In the United States and other nations, policy-makers decide the fate of funding and other support for scientific research. Many of them do not have a background in science, but all of them are willing to listen to those who do (it’s their job!). Congressional Visits Days are an essential forum for scientists – marine, geology, and otherwise – to voice our arguments for why research and science education is so important in our society.
On Sept. 29-30, I participated in the Geosciences Congressional Visits Day (GeoCVD) program for 2015. I joined a diverse group of over 60 geoscientists that gathered in Washington, D.C. to learn how to speak to policymakers and how to craft our message requesting continued strong federal support for earth sciences.
Preparing our Message
The first day of the program consisted of a workshop including a Q&A panel session with U.S. Capitol office staffers. We were educated on how to talk to congressional staffers, and told what was happening on Capitol Hill that week so we would be informed. The workshop was well-organized, clear, and thorough. It was a great introduction to politics, and I learned a lot.
During the workshop, we got together in teams of 3-5, grouped by state or region where we are registered to vote. I am from San Diego, CA, so I was part of Team California 2. Each team received a carefully crafted schedule of appointments with staffers for the following day. We received folders for each office that we would visit, which included flyers about the broad importance of geoscience to the nation, which would be our informational “leave-behinds” for the staffers. We also were encouraged to include flyers, or anything from our own organizations or something we made ourselves, in the folders.
While at the training session, we worked with a guide from the American Geosciences Institute (AGI) who helped us craft our message to the staffers, including how we would each relate our careers and experiences to our respective districts, and ultimately, to federal funding. Overall, we were encouraged to offer ourselves as resources for the policymakers, and to follow up with them in the future.
Geoscientists visit the Capitol
Our team met early the next morning to walk to the first of six visits that day. Our group had people with a variety of scientific backgrounds — marine geology, hydrology, paleontology, chemistry, education, and communication. The other California team, which we joined for the two senate office meetings, even included a person representing the geoengineering industry.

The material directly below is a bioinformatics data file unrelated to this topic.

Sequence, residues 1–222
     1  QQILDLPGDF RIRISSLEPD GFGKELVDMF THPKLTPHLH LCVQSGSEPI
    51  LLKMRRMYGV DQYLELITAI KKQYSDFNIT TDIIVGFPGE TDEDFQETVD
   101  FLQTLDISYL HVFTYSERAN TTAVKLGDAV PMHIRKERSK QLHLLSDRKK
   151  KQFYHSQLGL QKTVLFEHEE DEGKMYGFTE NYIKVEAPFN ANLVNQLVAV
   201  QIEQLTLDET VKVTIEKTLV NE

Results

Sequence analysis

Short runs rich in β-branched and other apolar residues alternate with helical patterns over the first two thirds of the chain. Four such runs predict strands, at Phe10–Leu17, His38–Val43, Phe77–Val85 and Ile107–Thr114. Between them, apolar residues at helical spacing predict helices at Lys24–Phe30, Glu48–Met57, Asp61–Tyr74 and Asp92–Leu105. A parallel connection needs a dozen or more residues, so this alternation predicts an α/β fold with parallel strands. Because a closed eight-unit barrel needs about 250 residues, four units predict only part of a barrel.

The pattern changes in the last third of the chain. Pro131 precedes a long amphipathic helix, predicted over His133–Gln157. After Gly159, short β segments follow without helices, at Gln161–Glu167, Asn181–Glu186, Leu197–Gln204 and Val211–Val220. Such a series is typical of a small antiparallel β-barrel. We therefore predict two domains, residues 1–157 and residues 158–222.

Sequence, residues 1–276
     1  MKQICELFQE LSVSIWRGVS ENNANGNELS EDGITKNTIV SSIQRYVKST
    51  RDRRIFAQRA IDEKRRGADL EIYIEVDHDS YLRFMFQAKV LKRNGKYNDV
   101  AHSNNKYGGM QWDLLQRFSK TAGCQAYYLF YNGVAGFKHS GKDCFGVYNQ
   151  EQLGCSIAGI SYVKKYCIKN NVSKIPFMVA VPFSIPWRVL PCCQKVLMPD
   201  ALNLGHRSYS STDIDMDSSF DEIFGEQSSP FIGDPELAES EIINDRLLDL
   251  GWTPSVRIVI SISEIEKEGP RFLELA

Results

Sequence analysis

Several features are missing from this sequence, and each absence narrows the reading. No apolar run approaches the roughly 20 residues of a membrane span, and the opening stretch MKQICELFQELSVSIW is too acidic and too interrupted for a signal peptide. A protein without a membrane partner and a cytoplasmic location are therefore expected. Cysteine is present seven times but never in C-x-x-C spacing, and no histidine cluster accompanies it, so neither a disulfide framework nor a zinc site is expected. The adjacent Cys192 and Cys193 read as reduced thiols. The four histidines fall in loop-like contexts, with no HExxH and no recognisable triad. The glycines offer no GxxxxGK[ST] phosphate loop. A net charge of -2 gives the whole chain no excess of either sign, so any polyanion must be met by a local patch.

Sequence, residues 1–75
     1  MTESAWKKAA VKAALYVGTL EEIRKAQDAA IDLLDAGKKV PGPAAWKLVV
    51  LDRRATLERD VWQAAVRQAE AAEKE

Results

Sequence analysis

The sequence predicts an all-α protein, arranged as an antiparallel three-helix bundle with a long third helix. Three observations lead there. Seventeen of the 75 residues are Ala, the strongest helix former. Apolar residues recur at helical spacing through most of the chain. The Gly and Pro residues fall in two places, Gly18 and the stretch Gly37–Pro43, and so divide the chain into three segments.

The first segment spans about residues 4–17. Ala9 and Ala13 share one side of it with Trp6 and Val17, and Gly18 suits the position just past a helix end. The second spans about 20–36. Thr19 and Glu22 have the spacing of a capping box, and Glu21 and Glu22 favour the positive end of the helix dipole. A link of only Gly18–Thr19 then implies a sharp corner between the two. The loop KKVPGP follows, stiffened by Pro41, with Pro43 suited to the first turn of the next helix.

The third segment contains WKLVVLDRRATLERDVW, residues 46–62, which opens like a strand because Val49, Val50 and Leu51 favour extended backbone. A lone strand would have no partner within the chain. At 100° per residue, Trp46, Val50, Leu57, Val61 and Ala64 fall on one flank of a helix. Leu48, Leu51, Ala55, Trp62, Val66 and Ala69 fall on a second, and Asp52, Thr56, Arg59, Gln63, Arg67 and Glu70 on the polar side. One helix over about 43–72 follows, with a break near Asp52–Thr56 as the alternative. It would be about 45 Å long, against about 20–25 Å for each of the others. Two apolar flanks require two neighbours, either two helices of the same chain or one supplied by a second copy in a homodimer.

Our guide was exceptional; she directed us around The Hill, informed us of certain policies we could use for our arguments, and kept us on track during the meetings, bringing us back to the main points and message.
Over the course of the day, I gained a new appreciation for everyone working in policy. Everyone was respectful — both the staffers and our scientists — and some of the staffers had some background in science and were well-informed, asking enthusiastic questions. Others had less experience with science, but were equally as enthusiastic and listened closely. “You’re definitely educating me today,” one staffer said while she leafed through the leave-behinds.
For me, the highlight of the day was visiting U.S. Rep. Eric Swalwell’s office. He took time to personally welcome us, even during such a hectic week in Congress. We had gone into the day not expecting to see or meet any congressmen or congresswomen, so it really made us feel supported.
At the end of the day, the various teams met up for a happy hour reception, where we could get off our tired feet and talk about our experiences and successes. We felt that overall it was indeed a very successful day.
You can attend, too!
The event is annually organized by several prominent geoscience organizations including AGI, the American Geophysical Union (AGU), and the Geological Society of America (GSA). Any geoscientist or student is encouraged to attend, though you must sign up well ahead of the event, around August.
As a first-timer, I would highly recommend participation in next year’s event to anyone with any investment in the geosciences, marine or otherwise. As for myself, I will be on the flipside next year, taking a policy fellowship and hopefully listening to the messages of many
scientists and students. I hope they will have as fantastic and informative of an experience as I had for GeoCVD 2015.
To read about another Congressional Visits Day experience and what you can do to prepare, click here.
Zoe has an M.S. in Oceanography and a B.S. in Geologic Oceanography from URI, with a minor in Writing and Rhetoric. She was recently a Knauss Marine Policy Fellow in the US House of Representatives, and now work at Consortium for Ocean Leadership. When not writing and editing, Zoe enjoys rowing, rock climbing, skiing, and reading.